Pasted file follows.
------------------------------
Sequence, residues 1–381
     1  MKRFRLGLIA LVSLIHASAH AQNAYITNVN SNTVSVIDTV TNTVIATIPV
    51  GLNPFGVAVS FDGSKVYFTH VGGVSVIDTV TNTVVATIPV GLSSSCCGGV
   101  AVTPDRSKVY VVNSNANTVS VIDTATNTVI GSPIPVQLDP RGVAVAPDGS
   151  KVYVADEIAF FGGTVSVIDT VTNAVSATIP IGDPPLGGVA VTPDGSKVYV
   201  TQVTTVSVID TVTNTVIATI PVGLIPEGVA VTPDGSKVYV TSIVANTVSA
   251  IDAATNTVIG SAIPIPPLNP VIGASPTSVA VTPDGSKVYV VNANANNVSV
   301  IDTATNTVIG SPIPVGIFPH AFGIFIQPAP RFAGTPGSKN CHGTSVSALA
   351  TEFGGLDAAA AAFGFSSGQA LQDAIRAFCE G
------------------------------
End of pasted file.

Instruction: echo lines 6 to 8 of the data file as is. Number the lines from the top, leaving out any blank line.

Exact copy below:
   201  TQVTTVSVID TVTNTVIATI PVGLIPEGVA VTPDGSKVYV TSIVANTVSA
   251  IDAATNTVIG SAIPIPPLNP VIGASPTSVA VTPDGSKVYV VNANANNVSV
   301  IDTATNTVIG SPIPVGIFPH AFGIFIQPAP RFAGTPGSKN CHGTSVSALA